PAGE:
Due in no small part to Historic England having distributed £8.96 million in grants to preserve endangered sites, 181 entries have been removed from the Register due to renovation or restoration projects throughout the past 12 months. This positivity is short-lived, however, given that over the same period 216 locations have been added due to concerns about their condition.
“It is the varied tapestry of our historic places that helps us define who we are. In testing times such as these, heritage can give us a sense of continuity and bring us solace,” notes Duncan Wilson, chief executive of Historic England.
“We also know that investing in historic places can help boost our economic recovery. The 181 places rescued from the register this year show us that good progress is being made, but there is still a long way to go. Many more historic buildings and places need caring for, financial support, strong partnership working and community engagement to give them a brighter future.”
What’s in danger?
The Heritage at Risk Register 2020 reveals that the endangered sites in England fall into the following categories:
- 1,475 Buildings or Structures (Grade I and II* listed buildings and structural scheduled monuments across England, plus Grade II listed buildings in London)
- 932 places of worship
- 2,090 archaeology entries (non-structural scheduled monuments)
- 103 parks and gardens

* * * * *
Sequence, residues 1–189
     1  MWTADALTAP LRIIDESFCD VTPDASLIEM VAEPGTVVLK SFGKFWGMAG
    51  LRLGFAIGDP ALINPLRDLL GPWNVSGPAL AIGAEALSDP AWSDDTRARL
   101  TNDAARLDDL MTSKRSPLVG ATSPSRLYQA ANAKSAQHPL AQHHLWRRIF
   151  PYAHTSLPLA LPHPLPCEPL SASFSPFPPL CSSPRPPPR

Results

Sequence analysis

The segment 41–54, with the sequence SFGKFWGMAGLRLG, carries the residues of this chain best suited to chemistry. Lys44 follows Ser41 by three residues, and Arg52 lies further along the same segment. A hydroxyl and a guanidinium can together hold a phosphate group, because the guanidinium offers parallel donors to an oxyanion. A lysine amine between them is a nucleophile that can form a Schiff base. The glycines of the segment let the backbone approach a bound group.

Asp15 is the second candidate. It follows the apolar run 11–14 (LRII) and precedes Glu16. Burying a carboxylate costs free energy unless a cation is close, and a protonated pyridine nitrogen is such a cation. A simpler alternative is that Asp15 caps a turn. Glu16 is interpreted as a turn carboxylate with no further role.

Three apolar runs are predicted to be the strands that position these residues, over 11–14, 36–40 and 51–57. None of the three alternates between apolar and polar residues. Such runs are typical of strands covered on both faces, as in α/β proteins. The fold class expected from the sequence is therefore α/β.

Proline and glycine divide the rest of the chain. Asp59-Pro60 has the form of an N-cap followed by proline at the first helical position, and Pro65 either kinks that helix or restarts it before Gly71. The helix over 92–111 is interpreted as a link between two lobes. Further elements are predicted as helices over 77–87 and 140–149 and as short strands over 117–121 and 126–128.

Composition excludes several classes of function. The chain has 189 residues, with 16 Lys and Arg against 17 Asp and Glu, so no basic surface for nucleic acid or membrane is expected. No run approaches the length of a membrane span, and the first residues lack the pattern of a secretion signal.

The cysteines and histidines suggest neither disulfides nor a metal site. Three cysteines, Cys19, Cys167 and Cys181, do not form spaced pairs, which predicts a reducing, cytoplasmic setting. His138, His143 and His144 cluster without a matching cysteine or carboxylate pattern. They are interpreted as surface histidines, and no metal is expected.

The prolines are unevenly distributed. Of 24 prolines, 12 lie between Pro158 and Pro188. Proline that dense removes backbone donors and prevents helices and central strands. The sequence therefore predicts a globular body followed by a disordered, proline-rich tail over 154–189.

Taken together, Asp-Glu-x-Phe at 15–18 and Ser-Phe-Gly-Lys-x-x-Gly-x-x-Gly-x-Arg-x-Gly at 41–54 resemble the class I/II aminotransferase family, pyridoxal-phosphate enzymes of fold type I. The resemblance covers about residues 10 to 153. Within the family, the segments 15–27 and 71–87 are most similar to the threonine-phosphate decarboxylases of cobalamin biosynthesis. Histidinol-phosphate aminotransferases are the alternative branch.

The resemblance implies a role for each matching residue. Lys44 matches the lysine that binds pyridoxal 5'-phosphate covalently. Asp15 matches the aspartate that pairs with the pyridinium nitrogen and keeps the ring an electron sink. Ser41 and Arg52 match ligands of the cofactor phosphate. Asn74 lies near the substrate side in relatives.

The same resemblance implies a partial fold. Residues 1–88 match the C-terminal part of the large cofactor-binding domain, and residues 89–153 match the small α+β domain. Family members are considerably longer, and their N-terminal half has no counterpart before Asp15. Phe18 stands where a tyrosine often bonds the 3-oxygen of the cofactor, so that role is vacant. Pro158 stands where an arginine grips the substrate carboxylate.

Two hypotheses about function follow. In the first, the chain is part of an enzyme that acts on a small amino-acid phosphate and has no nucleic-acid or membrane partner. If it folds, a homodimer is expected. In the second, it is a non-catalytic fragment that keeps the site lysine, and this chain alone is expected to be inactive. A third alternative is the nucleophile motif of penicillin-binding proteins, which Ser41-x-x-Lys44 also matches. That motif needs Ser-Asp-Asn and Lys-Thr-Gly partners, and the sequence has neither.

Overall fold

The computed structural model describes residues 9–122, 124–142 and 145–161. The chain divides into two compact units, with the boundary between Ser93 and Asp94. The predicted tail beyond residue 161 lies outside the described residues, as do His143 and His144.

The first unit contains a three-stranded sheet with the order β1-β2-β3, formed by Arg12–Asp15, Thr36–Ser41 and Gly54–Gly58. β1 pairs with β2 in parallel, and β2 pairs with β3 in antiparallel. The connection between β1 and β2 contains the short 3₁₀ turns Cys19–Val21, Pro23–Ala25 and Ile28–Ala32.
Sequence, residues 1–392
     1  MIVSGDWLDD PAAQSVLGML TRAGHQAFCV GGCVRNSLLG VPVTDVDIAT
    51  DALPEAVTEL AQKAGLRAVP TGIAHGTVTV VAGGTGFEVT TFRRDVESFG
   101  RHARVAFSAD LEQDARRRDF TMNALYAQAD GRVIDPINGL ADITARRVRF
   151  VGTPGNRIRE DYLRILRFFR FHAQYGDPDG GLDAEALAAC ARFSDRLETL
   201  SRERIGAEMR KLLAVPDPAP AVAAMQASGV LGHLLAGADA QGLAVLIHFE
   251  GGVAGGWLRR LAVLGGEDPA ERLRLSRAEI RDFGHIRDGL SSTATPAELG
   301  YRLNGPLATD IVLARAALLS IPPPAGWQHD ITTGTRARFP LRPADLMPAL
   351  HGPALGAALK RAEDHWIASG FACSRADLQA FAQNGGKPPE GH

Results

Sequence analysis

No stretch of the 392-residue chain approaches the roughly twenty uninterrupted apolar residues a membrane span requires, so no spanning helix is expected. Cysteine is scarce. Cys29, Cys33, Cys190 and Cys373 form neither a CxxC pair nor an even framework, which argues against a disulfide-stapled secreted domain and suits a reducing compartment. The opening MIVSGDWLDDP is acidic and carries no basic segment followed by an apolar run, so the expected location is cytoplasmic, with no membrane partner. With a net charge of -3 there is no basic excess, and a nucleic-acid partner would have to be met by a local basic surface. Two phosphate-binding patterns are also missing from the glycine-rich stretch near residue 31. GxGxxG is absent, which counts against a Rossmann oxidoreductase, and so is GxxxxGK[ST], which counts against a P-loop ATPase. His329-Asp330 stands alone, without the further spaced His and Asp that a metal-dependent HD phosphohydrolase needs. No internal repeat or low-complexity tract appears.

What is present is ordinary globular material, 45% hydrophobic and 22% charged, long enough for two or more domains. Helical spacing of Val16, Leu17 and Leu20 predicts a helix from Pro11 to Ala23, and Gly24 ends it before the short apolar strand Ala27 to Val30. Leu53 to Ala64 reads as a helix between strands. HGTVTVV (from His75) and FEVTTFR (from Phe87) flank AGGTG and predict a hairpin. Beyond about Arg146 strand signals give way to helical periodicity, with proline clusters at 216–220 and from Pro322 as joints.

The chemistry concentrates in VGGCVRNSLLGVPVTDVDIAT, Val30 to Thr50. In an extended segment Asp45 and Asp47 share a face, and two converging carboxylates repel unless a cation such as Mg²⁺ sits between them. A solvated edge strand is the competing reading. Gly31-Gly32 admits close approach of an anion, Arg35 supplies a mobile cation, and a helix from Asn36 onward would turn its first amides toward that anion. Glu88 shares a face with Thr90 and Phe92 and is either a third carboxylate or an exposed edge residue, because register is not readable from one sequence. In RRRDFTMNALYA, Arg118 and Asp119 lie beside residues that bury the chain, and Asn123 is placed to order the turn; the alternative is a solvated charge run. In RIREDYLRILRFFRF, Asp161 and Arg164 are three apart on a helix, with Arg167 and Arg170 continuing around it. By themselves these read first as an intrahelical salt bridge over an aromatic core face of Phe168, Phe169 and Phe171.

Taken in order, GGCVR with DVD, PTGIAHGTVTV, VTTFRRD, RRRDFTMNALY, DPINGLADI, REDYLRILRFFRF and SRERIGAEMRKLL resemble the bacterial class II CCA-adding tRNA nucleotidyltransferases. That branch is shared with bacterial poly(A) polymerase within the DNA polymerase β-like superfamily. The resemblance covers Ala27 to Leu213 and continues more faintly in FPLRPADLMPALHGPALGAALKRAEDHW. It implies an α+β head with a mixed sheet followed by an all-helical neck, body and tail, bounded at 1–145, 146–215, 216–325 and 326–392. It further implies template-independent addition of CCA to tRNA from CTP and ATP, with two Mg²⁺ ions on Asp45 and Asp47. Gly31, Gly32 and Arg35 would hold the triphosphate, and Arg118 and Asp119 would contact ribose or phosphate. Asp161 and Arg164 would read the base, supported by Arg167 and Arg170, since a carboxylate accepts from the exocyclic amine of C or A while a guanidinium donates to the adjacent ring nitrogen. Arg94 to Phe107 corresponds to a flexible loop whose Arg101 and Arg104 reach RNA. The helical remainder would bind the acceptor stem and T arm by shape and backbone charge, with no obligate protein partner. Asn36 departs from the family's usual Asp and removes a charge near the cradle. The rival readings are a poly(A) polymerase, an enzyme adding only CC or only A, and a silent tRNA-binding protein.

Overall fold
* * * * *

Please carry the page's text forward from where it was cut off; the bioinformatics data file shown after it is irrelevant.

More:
- 3 battlefields
- 3 protected wreck sites
- 491 conservation areas
The sites saved from further deterioration or dereliction last year include Newington Green Meeting House in Hackney, Kirby Bank Trod in North Yorkshire, St Mary’s Church in Guildford, Somerset’s Cadbury Castle, and The Dairy at Cobham Hall.
Plume Library in Maldon, the Ragged School Museum in Tower Hamlets, and Brighton’s Madeira Terrace are among the locations to have crossed the line and become ‘at risk’ since the 2019 Register was published.
Historic England insists that despite the challenging outlook Covid-19 has imposed on the sector, continuing to invest in heritage will “help to define our collective identity can contribute to the country’s economic recovery”.
Saving endangered sites can, it adds, align with the government’s ‘levelling up’ agenda by supporting skilled local construction jobs, building resilience in private and public organisations, and boosting tourism.
To explore the full 2020 Heritage at Risk Register click here.